Category: Fiction

Inka Parei
Die Kältezentrale
[The cooling station]

Novel

Review

The nameless first-person narrator of Inka Parei’s Die Kältezentrale [The cooling station] receives an unexpected phone call from his ex-wife Martha, who is in the hospital and dying of cancer. To correctly diagnose her condition and find an appropriate therapy, she must find out what had happened to her 20 years ago. Martha’s unexpected reappearance in the narrator’s life and her request for his help sets off a chain of events that hurls him from the present day into the past. The narrator returns to Berlin, the city of his former life, and tries to reconstruct the events and circumstances of a truck traveling from the Ukraine in early May 1986 that she had come into contact with. The journey catapults him from a supposedly secure present into dealing with a time he had thought was long gone. One question leads to another and soon his past catches up to him: was the truck contaminated with radiation? What exactly was Martha doing in the truck back then? What does all of this have to do with Hansmann’s death, which he feels responsible for?

Berlin-based writer Inka Parei, recipient of both the Nossack and Bachmann Prizes, creates a unique story of a desperate search for identity against a political and historical backdrop. Unlike many contemporary expeditions into history, this journey boasts a suspenseful plot that draws the reader into the story. The author skillfully links the search for clues in past history to personal memory which turns out to be surprisingly unreliable.

"We called the room the cooling station." The protagonist was one of the technicians in 1986, who installed the air conditioning system for the New Germany, that is, for the building that housed the (SED), the central organ of the communist party. The prerogative of interpretation of “real existing socialism” is attributed here to an allegorical reading of switches and production site: the functioning of propaganda, the chill of the East German dictatorship, can be attributed to a machine called a "turbo-compressor”. The workers’ activities are charged with a reservoir of images pertaining to the Cold War, their activities always a struggle to be at the vanguard of the ideological front. The metaphor around “cold” also functions as a key to the various personal relationships: "She accused me of being cold," the narrator comments about Martha's departure, and yet all she had to do was give him “the warmth [he] so desperately needed.”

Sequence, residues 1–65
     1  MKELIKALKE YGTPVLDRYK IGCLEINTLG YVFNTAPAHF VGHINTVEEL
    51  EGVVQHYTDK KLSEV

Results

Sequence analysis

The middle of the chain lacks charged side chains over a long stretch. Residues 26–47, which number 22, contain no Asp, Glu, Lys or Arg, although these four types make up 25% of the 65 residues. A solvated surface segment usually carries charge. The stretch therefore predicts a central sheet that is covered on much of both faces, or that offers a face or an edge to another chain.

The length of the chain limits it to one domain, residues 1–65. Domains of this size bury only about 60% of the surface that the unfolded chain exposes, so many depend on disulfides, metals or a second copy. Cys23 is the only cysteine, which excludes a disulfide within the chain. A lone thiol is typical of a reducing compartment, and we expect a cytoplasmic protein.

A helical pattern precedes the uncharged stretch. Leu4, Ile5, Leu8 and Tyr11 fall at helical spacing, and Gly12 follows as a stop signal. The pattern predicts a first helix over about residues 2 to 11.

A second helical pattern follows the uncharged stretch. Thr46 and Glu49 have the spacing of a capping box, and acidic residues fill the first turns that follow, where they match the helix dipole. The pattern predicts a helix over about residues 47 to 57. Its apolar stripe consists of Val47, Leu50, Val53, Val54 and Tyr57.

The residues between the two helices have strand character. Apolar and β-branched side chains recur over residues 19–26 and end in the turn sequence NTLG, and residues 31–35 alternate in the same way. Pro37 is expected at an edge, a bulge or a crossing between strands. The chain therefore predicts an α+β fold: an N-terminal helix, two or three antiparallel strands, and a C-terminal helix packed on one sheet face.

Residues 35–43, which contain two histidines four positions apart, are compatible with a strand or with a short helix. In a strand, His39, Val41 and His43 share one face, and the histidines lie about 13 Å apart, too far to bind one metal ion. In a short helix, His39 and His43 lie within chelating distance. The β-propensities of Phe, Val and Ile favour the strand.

For the narrator cold means, "more than just a low temperature. It meant self-control, reason that subdued uncontrollable feelings," but the cooling station of the system is anything but that: The technicians responsible for keeping the upper areas temperate are exposed to extreme variations in temperature, a climate of violent aggression reigns beneath them- instead of rational coolness heated dedication is expected.

The narrator’s memory work confronts him with his then state of loneliness and isolation. As each layer of memory is stripped away, the past grows clearer; this plays a critical role not only for Martha’s cancer diagnosis, but also for his life: "There was this part of me that had remained here. [...] Since I left this city, there [was] something in me that remained incomplete." Parei’s text allows the broken, damaged biography that had resulted from the last unjust German state to be palpable without excessive dramatization.

Despite the many flashes forward and flashbacks, the riveting search for identity allows Parei’s story to move at a breathtaking pace, and not merely through a suspense-filled roller coaster "race against time" dramaturgy - at one point those very words are used. The language is condensed, sparing and this endows the text with authenticity, which combined with the rapidly changing scenes, both dreamy and nightmarish, pulls the rug from under the most pressing questions of truth and clarity.

Inka Parei succeeds seemingly en passant –as in the example of the "East-West discussions” that occur during the narrator’s first marriage, when the "mass of what was said [...] piled up in the years between us” – to create instantaneous and coherent miniatures of German history and sensibilities. Above all, she is especially able to form this search movement through a non-dogmatic opacity and create a genuinely enlightened and emancipatory project. "If only I would be able to more closely regulate all of these factors, could I finally be free of them." That it is the young contemporary writers, who without artifice, are able to aesthetically and compellingly reflect on the muddled pan-German condition is certainly not the worst sign that progress has been made in terms of dealing with the past.  
 
Vorname Name

By Michael Sellhoff, 18.05.2012

​Michael Sellhoff is a research associate at the Philosophical Seminar of the University of Kiel and is a freelance editor.